Another month and another IE security vulnerability. The browser that just keeps on giving. To the criminal gangs able to exploit this browser.

The latest is yet another javascript vulnerability as reported by>

Microsoft do have a little fix tool out for this>

Apparently a more comprehensive fix is scheduled for the next release of patches on Patch Tuesday (8th of October 2013).

Or…use Firefox with noscript and adblock in your corporate environment. Unless you want to be the next target for a bunch of hackers for hire.

Social Engineering gets crooks inside bank

It seems that a criminal group tried to access Santander via a remote device. The social engineering bit was a phoney third party engineer who was able to gain access to the branch computers and install a device (apparently a KVM “keyboard video mouse” switch) that would have been able to allow remote access to the computers.

KVM switches are mainly used in server rooms to allow one monitor to access multiple servers located in one rack. Sometimes users will have switches like this if they have more than one physical computer but only one monitor.  One question here is where the device was installed. Of course the most pertinent question is how the engineer gained access to the branch.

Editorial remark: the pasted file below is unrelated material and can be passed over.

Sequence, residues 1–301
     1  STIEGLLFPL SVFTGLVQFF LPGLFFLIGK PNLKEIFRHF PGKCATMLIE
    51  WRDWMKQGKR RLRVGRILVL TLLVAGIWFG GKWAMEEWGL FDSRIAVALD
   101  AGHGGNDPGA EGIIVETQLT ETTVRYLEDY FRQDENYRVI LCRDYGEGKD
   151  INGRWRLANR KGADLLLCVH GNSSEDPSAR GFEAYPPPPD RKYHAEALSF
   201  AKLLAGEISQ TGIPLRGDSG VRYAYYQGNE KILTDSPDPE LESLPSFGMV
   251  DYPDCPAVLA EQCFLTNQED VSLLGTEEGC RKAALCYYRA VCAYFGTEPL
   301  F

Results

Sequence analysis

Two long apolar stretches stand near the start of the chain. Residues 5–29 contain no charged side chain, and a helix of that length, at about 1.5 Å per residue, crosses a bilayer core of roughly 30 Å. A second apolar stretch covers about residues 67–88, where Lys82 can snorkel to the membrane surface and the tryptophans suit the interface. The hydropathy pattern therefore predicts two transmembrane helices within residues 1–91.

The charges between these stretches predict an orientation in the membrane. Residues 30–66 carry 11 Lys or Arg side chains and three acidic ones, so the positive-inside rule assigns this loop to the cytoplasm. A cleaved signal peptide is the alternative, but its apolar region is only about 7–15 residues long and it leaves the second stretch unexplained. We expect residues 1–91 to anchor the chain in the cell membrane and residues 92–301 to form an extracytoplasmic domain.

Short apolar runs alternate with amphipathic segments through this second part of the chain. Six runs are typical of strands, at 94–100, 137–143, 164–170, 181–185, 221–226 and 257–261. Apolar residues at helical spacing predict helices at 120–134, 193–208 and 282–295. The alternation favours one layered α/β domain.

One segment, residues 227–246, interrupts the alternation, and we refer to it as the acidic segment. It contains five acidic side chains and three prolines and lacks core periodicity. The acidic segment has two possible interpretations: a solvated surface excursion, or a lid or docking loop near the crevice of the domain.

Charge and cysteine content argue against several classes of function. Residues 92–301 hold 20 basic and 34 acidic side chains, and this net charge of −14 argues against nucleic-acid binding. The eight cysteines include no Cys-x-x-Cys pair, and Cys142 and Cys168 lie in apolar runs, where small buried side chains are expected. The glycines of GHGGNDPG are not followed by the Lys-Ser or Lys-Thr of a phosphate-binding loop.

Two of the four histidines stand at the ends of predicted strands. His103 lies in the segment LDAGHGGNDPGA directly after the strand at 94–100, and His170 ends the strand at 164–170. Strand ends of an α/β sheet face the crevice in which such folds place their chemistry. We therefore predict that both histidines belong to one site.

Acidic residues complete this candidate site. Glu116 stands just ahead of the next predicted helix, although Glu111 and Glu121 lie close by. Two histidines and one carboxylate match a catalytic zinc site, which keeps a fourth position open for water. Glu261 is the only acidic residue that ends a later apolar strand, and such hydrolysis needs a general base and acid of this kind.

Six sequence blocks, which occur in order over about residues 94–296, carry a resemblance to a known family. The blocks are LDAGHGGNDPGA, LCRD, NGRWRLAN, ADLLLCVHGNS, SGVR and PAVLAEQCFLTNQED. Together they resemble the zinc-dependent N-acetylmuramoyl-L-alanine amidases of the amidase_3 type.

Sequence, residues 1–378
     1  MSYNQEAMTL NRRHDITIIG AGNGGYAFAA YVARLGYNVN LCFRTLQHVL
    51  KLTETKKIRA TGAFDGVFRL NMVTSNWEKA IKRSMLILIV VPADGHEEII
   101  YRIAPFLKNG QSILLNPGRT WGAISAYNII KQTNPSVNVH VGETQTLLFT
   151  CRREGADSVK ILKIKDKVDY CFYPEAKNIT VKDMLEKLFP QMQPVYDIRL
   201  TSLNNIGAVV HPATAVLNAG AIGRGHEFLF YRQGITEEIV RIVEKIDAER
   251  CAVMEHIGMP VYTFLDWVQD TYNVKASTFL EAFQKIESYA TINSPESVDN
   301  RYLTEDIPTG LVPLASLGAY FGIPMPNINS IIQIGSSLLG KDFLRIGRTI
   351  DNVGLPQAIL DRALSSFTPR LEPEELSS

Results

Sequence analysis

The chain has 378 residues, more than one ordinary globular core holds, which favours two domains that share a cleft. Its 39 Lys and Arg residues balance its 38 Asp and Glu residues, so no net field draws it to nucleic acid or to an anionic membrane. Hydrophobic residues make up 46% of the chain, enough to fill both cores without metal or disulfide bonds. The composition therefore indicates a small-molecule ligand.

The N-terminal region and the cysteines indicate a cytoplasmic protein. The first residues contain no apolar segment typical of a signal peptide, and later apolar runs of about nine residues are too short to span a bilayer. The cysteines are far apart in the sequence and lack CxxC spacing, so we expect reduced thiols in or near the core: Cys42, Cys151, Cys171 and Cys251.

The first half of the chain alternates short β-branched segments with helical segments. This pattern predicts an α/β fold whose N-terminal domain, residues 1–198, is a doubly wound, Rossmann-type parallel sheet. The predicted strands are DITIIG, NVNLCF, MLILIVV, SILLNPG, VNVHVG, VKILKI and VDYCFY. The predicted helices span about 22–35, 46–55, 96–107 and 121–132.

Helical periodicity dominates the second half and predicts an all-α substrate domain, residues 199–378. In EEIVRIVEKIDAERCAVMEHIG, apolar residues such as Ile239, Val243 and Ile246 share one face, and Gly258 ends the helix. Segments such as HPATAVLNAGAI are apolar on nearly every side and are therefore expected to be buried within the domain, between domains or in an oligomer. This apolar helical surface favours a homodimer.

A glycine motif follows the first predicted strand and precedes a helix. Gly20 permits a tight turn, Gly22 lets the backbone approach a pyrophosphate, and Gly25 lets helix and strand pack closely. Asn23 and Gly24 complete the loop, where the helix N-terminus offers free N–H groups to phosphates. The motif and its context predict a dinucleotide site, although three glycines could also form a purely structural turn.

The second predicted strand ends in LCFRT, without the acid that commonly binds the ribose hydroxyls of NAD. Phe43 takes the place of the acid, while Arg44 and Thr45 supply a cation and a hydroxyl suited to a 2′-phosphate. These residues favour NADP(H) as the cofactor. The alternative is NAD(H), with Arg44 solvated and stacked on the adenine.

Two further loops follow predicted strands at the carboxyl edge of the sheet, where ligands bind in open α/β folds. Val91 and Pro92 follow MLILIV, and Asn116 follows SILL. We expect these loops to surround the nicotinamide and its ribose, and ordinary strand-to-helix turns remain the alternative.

Luckily for Santander the device was never activated and that could have been down to internal procedures regarding the release of kit into live environments…as it stands we do not know.

As the story is still breaking, and although the perpetrators are in custody, there are questions here that need to be addressed and evaluated to ensure that banks, and other businesses that use third party companies to support their ICT infrastructure have the right measures in place to prevent such an occurrence.

What these are will be dependent on the company but there are some fundamentals that every company can follow…

  • Due diligence on the third party company
  • Be wary of unsolicited visits
  • Do not give any information out to anyone unless you are satisfied (and verified) their authority
  • Train your staff on how to deal with social engineers and more importantly to identify such attacks.

This is a good starting point (which also deals with phishing attacks) –